Where I feel like Kago’s creativity really shines through though is in the stories where he experiments with the medium itself and its attributes. Like in Blow-Up, which begins with a single panel covering the first page, and for each new page there are a double amount of panels as on the previous one. As you flip through it, the panels are just getting more and smaller, until there’s a massive shoal of them that together illustrates the same panel as on page one, creating a sort of puzzle effect. Or like in The Memories of Others, where the local townspeople are infected by a disease called panelithis which makes copies of every last panel one has been in for all to see, as if being publicly haunted by one’s past.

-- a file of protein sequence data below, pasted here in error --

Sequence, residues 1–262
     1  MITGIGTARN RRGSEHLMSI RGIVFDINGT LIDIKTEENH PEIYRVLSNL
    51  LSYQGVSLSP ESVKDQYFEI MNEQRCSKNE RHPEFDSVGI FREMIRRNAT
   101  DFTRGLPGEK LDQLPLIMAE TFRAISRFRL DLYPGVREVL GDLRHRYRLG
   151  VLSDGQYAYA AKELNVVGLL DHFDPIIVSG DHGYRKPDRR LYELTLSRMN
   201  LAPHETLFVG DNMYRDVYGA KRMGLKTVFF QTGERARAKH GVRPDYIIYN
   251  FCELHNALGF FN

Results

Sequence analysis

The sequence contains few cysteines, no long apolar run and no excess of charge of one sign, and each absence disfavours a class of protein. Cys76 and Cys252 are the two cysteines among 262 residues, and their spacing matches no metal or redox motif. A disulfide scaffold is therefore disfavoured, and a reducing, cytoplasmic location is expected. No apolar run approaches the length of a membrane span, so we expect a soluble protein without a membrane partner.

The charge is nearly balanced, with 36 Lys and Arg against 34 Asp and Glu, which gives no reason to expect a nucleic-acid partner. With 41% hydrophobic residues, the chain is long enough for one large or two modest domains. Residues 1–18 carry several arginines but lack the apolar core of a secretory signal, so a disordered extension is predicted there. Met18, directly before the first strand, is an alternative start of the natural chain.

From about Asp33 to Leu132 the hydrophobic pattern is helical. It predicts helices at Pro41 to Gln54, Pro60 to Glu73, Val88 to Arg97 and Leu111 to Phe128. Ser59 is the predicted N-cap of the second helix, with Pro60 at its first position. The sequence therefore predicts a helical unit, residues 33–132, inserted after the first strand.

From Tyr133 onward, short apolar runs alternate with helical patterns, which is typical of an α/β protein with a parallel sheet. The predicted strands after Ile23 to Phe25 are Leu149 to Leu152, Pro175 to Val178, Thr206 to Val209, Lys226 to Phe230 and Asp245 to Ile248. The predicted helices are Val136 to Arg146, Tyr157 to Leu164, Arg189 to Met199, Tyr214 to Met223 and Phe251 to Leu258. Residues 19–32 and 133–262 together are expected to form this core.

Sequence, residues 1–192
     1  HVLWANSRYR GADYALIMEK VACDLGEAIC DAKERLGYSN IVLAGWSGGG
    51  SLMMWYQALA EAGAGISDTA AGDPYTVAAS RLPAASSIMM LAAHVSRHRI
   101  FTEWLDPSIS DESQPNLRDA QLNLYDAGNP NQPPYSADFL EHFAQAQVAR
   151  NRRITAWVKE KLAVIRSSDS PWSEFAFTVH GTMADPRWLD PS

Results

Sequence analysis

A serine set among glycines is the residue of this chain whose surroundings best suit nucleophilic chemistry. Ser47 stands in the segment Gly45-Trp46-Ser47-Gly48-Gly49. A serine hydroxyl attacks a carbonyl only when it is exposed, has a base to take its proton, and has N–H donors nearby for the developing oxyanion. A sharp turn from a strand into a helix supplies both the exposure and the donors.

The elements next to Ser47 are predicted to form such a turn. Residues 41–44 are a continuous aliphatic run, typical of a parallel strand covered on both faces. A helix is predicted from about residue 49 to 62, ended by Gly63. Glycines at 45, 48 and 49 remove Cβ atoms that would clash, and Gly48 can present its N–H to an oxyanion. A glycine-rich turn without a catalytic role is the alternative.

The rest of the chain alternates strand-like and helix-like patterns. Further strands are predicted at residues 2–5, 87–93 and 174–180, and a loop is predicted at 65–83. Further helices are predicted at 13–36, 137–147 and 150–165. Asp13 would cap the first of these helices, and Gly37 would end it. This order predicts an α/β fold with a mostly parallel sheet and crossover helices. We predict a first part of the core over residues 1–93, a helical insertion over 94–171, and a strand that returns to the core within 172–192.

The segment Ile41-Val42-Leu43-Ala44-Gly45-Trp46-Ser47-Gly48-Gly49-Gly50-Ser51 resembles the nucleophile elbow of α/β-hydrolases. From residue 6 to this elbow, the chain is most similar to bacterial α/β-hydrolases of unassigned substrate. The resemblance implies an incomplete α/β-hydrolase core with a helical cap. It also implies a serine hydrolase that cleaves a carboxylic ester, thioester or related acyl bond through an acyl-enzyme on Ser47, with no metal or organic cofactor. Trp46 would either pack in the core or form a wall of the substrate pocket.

As fantastic as this guy’s works are though, he is a man who’s content is clearly not for everyone. Being the guro artist that he is, you’re required to have a very strong stomach in order to get through some of the manga without losing your lunch, and even then you might just shrug them off as disgusting and tasteless. Although personally I feel like even in the stories that seem to have no other purpose than to create shock value, his endless creativity and sense of humor is prominently present, and I can’t even begin to count all the times his mind-blowing playfulness has left me breathless. So if you feel the slightest of interest in the guy after reading this, I highly recommend checking him out.